A state-of-the-art sports dome could be built at a Keighley district secondary school.

South Craven School, in Cross Hills, wants to construct the European-style multi-purpose air dome over space currently occupied by four tennis courts.

And with money already in place, it just needs the planning go-ahead from Craven District Council.

Letters have been sent to nearby residents this week informing them of the plan, and negotiations are underway with potential partners to determine what sort of sport would take place in the new facility.

Headteacher Dr Andrew Cummings said the beauty of the domes – which are used widely across Europe – are that they cost far less than a conventional building and take just two weeks to construct.

And it would mean the school – and its partner primary schools – would be able to include sport in their timetables all year round.

Dr Cummings said the facility would also be used by the wider community.

In addition to sport, the dome could also be used for assemblies, presentations and other school and community events.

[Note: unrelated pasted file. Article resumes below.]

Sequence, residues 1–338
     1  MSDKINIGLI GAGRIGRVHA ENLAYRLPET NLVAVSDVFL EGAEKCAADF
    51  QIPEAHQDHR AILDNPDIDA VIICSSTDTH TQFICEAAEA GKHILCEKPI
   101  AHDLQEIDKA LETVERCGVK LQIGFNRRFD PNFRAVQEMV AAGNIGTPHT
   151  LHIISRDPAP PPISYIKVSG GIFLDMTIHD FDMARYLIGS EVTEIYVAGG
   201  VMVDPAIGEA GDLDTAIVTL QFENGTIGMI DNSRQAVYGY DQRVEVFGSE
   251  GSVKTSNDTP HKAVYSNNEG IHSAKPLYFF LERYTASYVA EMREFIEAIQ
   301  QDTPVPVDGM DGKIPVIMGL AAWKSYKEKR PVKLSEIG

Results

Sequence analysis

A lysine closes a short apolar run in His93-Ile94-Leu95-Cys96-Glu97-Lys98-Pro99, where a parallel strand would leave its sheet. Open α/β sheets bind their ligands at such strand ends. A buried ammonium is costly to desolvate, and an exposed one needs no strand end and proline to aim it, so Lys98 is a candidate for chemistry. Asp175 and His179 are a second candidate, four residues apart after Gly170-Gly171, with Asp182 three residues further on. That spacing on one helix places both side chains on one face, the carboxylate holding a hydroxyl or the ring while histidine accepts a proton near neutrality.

“We would never have had so much indoor space,” added Dr Cummings.

If allowed, the space would be greater than that of Headingley’s indoor cricket centre, and would be the first air dome of its kind in Craven.

Representatives from the school have been on a fact-finding mission to the DUOL factory in Slovenia, which has been making the domes for more than 20 years.

The school learned about the structures from the Lancashire company that has already built a steel-framed sports hall at the school and which has acquired the franchise for DUOL in this country.

Instead of steel frames, the domes are supported by air and are typically used across Europe for recreation and sport, such as basketball and volleyball. In some countries, they are dismantled when the weather is better.